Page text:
Three gun-battles in one day left at least 13 dead in the Mexican border city of Matamoros Nov. 2, Tamaulipas state authorities acknowledged. A statement from the Tamaulipas Coordination Group—the liaison office between state and federal forces—said two of the shoot-outs were between Mexican Marines and "armed civilians," the standard euphemism for cartel gunmen. One woman was among the 13 dead, who were also identified as "civilians"—leaving it unclear if they were combatants or by-standers. What press accounts called "narco-blockades" cut off traffic on the city's principal avenues. (Global Post, Crónica de Hoy, Nov. 4; Proceso, Nov. 3) Nov. 11 saw another outburst in the neighboring border city of Reynosa, with federal forces and presumed cartel gunmen having a high-speed shoot-out in a car chase through several neighborhoods. Allegedly, only one of the gunmen was killed, but video footage provided by the Facebook-coordinated network Valor por Tamaulipas showed a car overturned in road pile-up. (El Diario de Coahuila, Nov. 11)
A new riot between rival gangs in the dangerously overcrowded prison at Altamira, in the Mexican border state Tamaulipas, left seven inmates dead Oct. 26. State authorities said the prisoners were killed with makeshift knives in a fight in one cellblock at the facility, officially known as the Execution and Sanction Center (CEDES). Thirty-one inmates died in a riot in the same prison early last year, pointing to a crisis rooted in the confluence of teeming lock-ups and the bloody narco wars being waged in Tamaulipas both inside and outside the prisons. The state is currently Mexico's most violent. The CEDES was designed to hold 2,000 inmates, but now has a population of more than 3,000. (AP, Notimex, Oct. 26)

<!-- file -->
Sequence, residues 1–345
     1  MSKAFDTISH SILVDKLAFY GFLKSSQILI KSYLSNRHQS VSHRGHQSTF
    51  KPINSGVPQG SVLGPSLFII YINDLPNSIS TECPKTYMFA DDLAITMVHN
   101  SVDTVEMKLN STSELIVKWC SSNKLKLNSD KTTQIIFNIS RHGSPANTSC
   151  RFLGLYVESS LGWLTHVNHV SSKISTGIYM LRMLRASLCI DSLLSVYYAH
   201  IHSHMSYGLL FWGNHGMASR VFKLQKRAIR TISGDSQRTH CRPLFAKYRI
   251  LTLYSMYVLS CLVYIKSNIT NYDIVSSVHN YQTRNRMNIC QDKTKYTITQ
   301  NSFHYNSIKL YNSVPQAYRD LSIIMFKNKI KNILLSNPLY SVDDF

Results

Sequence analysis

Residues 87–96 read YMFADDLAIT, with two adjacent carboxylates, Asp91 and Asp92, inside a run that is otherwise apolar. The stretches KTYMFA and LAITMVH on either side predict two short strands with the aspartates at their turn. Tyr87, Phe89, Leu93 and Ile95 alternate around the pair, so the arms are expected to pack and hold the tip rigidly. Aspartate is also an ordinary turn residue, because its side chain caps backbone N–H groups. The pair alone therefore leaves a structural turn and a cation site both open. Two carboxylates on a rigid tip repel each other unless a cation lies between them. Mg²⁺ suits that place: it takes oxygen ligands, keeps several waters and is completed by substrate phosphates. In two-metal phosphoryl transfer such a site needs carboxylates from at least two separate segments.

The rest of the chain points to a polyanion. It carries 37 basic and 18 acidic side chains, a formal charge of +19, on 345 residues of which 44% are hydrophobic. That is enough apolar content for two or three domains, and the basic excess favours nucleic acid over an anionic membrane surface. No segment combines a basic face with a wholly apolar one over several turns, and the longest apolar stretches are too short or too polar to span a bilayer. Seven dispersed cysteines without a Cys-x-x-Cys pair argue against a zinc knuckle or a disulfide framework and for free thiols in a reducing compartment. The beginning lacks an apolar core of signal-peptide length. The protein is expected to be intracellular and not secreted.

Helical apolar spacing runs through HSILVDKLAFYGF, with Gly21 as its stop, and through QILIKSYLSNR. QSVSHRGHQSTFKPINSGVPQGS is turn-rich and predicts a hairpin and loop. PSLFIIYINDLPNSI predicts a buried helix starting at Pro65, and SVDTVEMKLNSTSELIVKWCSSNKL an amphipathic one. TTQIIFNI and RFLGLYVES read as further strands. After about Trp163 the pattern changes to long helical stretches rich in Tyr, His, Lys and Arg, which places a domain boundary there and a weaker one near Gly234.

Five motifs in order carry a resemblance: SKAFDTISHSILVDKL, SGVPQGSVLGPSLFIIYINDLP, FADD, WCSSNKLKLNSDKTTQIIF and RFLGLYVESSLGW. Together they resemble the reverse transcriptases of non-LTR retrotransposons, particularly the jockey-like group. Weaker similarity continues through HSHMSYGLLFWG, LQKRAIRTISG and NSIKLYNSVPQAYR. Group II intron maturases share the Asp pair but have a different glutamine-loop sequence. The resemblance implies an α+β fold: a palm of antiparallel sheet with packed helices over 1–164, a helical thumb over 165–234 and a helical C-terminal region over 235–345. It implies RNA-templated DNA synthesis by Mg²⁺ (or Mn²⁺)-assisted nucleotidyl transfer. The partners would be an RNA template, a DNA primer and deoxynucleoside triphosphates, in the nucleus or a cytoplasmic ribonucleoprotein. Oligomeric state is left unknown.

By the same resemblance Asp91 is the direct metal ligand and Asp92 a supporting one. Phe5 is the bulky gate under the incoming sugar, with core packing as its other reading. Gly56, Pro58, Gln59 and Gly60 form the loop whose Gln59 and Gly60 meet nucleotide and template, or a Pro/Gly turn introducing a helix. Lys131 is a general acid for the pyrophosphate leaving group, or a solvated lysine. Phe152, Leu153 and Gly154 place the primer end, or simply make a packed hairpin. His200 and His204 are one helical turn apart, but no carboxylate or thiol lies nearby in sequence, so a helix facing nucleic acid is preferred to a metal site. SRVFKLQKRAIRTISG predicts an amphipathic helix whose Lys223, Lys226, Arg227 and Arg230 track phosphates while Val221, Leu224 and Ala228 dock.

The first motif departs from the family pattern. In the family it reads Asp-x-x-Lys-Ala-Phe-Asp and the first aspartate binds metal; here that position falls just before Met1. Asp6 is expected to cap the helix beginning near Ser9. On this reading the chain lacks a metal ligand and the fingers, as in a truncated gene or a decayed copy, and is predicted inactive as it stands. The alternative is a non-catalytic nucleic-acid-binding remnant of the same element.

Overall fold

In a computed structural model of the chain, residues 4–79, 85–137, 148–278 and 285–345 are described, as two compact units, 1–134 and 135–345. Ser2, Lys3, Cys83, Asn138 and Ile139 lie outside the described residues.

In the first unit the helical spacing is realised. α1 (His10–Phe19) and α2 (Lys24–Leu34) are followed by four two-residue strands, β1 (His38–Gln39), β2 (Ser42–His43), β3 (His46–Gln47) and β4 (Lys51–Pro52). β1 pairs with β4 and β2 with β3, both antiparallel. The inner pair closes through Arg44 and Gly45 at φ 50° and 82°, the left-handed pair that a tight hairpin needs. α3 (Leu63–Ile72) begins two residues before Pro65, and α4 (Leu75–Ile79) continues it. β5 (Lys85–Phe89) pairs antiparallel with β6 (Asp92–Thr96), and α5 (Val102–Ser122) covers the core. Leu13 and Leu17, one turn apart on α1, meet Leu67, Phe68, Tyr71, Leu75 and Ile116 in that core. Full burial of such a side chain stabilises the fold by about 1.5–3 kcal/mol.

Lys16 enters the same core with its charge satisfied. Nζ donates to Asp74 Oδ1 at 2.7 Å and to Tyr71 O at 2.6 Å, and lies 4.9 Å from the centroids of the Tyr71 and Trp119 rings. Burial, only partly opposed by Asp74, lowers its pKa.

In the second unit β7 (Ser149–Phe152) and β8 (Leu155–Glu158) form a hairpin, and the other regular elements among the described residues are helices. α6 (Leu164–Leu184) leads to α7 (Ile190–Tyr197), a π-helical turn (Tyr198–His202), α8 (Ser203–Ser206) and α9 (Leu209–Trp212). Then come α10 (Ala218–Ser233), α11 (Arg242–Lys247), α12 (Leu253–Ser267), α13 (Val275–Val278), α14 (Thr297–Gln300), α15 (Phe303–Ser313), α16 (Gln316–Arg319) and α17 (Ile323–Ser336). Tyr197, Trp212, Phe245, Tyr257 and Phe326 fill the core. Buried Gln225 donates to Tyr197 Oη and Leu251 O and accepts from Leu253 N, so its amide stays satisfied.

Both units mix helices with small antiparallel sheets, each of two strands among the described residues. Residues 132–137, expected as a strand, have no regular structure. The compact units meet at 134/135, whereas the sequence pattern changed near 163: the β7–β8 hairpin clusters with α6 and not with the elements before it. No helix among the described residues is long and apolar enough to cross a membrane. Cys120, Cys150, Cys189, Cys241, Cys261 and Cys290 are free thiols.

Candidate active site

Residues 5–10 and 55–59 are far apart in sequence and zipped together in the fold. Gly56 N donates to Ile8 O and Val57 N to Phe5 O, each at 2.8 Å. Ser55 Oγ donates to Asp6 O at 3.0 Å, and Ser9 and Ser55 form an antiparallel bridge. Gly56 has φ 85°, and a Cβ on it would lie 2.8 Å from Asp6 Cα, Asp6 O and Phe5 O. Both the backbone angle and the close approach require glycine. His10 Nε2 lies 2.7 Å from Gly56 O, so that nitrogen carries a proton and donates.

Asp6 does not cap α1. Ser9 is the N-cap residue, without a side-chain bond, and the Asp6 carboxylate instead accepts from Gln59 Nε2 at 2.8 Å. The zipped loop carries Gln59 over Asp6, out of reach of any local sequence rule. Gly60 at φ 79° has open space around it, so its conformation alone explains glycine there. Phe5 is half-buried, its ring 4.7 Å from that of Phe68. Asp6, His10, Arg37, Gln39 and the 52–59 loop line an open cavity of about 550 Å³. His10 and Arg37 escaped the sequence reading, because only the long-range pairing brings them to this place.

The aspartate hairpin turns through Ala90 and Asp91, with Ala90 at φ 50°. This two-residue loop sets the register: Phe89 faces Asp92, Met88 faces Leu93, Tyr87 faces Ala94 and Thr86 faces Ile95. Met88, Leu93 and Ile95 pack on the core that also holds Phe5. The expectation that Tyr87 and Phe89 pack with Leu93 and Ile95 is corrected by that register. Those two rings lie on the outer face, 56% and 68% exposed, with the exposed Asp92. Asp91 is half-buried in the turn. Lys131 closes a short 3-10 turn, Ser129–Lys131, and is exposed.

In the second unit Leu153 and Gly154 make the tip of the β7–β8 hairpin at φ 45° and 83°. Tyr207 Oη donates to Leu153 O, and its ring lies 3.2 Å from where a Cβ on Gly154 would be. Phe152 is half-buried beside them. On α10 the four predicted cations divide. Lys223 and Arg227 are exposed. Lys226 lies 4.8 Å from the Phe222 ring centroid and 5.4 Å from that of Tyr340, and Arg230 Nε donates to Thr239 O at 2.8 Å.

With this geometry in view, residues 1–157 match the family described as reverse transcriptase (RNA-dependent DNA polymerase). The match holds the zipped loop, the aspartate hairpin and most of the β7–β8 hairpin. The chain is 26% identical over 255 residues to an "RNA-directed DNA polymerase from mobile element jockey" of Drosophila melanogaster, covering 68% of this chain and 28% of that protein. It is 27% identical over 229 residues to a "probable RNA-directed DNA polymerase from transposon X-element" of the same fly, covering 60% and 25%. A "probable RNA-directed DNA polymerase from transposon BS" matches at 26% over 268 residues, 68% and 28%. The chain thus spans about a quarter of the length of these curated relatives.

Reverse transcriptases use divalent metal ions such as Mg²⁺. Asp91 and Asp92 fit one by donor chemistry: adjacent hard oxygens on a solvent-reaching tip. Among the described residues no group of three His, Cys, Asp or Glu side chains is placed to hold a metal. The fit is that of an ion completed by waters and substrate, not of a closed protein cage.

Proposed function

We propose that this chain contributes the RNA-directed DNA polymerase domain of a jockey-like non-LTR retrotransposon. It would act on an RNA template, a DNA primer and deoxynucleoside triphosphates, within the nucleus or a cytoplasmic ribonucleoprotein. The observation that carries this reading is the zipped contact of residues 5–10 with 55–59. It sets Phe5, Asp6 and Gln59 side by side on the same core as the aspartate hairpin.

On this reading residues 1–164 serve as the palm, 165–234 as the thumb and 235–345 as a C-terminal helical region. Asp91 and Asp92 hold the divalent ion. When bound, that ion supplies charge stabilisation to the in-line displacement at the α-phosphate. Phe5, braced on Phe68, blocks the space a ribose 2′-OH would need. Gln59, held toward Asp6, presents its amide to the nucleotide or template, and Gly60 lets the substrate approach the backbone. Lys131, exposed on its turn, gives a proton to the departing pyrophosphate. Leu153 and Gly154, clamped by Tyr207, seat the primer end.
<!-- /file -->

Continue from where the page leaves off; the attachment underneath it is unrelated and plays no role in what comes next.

US officials were secretly critical of the militarized anti-narcotic policies of former Mexican president Felipe Calderón Hinojosa (2006-2012) at the same time that the US government was funding and publicly backing them, according to declassified documents that the Washington, DC-based research group National Security Archive posted on its website on Nov. 6. The documents are among 30 official reports and diplomatic cables, with dates from Aug. 25, 2007 to May 22, 2012, that the US government released as a result of a Freedom of Information Act (FOIA) request from the National Security Archive and other organizations in Mexico and the US.
In very disturbing news from Mexico's northeast border state of Tamaulipas, police on Oct. 1 said they rescued 73 abducted migrants outside Reynosa after following their apparent captors to a house and hearing frantic calls for help. Of the victims, 37 were Mexicans, 19 were from Honduras, 14 from Guatemala and another three from El Salvador. They included women and minors, some of whom reported having been sexually abused. Three suspects were detained, who are believed to have seized the migrants on buses they stopped in the desert. Some of the victims had been held for up to four months while their captors demanded payment from their families, police said. Weapons and drugs were also seized at the home, including nearly 700 rounds of bullets, a hand grenade, and almost 10,000 kilograms (22,046 pounds) of what was "believed to be" marijuana. (Reuters, Oct. 2)